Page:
This whole MPs' expenses scandal has been keeping me broadly amused for the last couple of weeks. Jon Stewart on The Daily Show had a nice take on it - I thought using Terry Jones in drag (from The Meaning of Life, I think) as Douglas Hogg's wife was rather inspired.
I've especially been loving all the insincere hand-wringing and contrition in the press - the only thing they're really sorry about is the fact that they got caught. Though the response from one MP about the size of his expense claims was breathtaking in its level of sheer arrogance, and is probably a truer gauge of the feelings MPs have for their constituents. But I'm amazed at just how naive people have been in thinking that the MPs *didn't* have their hands in the pot. Come on, if you've got an expense account that's larger than the average national wage, and you can claim stuff of relatively modest values without even having to provide a receipt, how is that system (which the MPs got to police for themselves) not going to be widely abused?
So now we've got the likes of David Cameron (or Tony Bland, as I like to call him) shouting out that there's got to be a revamp of Parliament and their expenses system, but curiously enough, he doesn't want to change the voting system over from our current first-past-the-post system (which basically means if you live in a constituency that's predominantly inclined to one party, say Labour or Conservative, when you're a Liberal Democrat, you might as well not vote, because there's no way you can affect the outcome) to a system of proportional representation, where every vote has an equal weight. So at the moment, we have a system where governments are decided on a few dozen marginal seats, where only a few hundred thousand votes might be cast. The rest of the population gets absolutely no say at all, because the constituencies are divided historically down party lines and very rarely change sides. Neither Brown or Cameron want to do away with this system, because it means they wouldn't get so many seats in Parliament, compared to a proportional representation system. Politicians clinging desperately onto their power? Surely not! So much for putting real power back into the hands of the people.
Though I have to say that Cameron's idea of putting ordinary people up for election into Parliament isn't what I'd call a good one. Mainly because the average man on the street is an idiot (that's why we define "average" as average). It's bad enough that we get politicians making decisions about how to run the country - put the same decisions in the hands of your average Sun reader and that really would end in chaos. There's a certain irony in the leader of the party that's most flagrantly abused the current system saying "join us to help us clean up politics", too. It takes some chutzpah to stand on a mountain of shit and tell people that you're on the moral high ground. If the Conservatives had been in government right now there would be riots in the streets. It's only because they're seen as the government-in-waiting that they're getting away with it. That and the fact that Gordon Brown is about as charismatic and likeable as a maimed dung beetle in comparison.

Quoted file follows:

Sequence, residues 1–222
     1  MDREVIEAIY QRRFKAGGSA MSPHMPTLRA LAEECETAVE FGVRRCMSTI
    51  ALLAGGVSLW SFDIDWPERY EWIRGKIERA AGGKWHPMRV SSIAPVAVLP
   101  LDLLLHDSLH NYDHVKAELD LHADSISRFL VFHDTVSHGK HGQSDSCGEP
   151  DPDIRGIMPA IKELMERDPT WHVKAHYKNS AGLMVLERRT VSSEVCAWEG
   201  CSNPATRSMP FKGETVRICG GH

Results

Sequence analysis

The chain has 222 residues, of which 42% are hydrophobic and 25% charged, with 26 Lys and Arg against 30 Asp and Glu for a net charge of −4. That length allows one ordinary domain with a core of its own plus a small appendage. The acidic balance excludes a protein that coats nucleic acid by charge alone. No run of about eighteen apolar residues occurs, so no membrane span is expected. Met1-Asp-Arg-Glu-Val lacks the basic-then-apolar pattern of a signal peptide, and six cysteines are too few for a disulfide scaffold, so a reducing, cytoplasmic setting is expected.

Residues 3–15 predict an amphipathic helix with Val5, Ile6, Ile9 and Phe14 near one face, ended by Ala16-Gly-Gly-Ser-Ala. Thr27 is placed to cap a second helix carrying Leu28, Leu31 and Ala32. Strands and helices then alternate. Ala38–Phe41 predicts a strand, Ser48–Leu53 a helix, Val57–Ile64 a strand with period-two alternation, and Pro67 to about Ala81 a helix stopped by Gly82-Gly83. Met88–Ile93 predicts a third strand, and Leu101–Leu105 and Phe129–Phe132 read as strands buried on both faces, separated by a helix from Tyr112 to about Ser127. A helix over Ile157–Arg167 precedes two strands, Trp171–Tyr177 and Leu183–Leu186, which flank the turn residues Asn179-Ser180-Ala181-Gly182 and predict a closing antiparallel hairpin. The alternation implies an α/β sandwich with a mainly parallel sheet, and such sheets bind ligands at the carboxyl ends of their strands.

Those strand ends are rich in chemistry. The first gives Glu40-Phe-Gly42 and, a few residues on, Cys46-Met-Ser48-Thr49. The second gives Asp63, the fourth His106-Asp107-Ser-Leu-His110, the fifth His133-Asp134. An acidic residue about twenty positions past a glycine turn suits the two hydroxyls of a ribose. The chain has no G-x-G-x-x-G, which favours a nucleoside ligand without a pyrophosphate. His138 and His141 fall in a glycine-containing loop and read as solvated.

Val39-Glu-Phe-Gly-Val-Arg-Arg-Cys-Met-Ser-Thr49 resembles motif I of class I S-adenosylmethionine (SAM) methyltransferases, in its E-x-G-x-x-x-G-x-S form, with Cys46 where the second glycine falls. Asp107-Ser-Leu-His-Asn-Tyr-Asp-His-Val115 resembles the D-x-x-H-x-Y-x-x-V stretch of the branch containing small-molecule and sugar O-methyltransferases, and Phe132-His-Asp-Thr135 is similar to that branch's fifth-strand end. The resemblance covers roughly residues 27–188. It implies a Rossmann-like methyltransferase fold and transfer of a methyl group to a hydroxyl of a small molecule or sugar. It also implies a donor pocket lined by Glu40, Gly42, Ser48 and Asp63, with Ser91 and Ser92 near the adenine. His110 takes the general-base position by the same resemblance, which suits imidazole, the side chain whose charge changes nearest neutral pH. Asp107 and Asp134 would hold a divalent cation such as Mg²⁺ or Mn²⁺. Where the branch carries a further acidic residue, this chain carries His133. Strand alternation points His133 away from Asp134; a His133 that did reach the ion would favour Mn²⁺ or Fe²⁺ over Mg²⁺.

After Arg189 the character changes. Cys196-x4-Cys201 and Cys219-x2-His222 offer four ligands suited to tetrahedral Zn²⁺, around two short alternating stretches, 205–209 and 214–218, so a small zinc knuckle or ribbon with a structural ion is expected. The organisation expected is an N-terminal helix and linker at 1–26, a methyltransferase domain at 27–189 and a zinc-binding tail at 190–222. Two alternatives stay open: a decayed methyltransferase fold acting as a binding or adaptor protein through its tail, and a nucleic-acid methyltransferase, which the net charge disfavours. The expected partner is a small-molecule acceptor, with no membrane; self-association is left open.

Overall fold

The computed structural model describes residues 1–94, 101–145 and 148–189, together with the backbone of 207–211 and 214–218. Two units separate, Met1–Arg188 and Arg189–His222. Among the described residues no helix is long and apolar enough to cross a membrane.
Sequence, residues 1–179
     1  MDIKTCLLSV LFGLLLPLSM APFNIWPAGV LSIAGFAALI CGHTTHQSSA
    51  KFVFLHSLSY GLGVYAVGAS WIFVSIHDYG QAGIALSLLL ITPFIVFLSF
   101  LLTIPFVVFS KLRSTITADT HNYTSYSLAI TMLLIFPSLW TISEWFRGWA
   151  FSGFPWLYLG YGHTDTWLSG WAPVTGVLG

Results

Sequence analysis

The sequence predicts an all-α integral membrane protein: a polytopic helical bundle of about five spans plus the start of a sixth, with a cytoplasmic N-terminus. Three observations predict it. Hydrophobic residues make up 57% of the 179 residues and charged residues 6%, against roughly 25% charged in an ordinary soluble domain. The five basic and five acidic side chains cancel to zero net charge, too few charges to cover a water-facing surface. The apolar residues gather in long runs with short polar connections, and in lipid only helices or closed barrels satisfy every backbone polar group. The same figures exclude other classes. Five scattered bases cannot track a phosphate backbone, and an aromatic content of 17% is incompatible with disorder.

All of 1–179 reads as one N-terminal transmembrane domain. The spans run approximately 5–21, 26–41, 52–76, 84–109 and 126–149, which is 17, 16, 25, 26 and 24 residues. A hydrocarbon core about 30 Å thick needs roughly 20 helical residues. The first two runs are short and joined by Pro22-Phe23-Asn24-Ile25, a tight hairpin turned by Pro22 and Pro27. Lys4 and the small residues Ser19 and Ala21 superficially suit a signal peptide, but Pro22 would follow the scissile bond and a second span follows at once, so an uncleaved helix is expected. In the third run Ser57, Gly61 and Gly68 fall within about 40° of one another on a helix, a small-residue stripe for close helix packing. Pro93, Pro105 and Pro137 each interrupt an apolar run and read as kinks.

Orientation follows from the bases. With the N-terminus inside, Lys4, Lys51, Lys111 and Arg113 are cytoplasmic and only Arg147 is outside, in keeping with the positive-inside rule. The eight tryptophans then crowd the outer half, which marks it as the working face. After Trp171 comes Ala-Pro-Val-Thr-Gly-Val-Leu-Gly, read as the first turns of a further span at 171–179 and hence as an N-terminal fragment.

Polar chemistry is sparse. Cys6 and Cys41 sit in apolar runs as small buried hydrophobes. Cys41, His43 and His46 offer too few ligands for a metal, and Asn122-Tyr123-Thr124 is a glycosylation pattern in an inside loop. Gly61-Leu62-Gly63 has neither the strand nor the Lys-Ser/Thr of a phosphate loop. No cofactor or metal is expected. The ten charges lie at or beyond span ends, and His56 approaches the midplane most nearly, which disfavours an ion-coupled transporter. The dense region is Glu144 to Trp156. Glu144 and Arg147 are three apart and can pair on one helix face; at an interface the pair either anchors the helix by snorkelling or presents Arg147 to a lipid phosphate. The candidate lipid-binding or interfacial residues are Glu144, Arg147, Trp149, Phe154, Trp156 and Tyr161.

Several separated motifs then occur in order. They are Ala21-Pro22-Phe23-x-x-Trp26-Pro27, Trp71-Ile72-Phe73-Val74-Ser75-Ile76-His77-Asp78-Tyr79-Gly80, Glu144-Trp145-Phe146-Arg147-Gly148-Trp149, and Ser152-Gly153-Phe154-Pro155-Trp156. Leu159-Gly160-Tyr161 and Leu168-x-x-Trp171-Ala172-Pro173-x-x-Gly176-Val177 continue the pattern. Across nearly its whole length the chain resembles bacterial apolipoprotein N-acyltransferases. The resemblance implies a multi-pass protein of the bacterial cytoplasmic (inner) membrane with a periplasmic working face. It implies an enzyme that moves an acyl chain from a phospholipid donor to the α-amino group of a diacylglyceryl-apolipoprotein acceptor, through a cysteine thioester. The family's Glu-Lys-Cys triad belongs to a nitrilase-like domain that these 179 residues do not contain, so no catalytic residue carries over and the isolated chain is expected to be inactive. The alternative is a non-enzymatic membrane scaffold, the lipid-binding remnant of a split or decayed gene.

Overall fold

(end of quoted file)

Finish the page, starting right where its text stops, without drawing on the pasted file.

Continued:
The problem isn't that we have a political elite class - it's that this political elite is an untrustworthy, self-serving bunch of incompetents. Maybe that's a little unfair - some politicians do have integrity and do a good job, but as a breed, in touch with normal day-to-day reality they are not. Try getting MPs to file expenses like someone who works for the NHS, or a school, or any large organisation (where you need VAT receipts for absolutely everything you try to claim) and they might understand why people are pissed off about them being able to spend £400 a month on food without even providing so much as a receipt from Waitrose (somehow I don't think many MPs buy their grub from Aldi or Farm Foods).
A little reform certainly won't do the House of Commons any harm, but do I expect any substantive change out of this furore? No, not really. Mainly because my cynicism could power several small towns for a year, but also because while it's relatively easy to get people to accept more power or privilege, trying to get them to relinquish it voluntarily never really works. The politicians will talk a good game for the next couple of months, and then conveniently forget the whole thing by the time the next general election comes round. I think it would have been amusing if Gordon Brown had called a snap election - unfortunately his balls aren't nearly as big as that pathetic excuse for smile he keeps flashing about on Youtube. I used to think Tony Blair had an insincere, Cheshire Cat smile, but Gordy's really takes the biscuit. A piece of advice, Gordon - if you're a miserable git, don't try to hide it with a smile that make's the Joker's look natural. It's painful to look at and doesn't fool anyone. Be yourself - be a dour, miserable Scottish git. You might get more respect for it.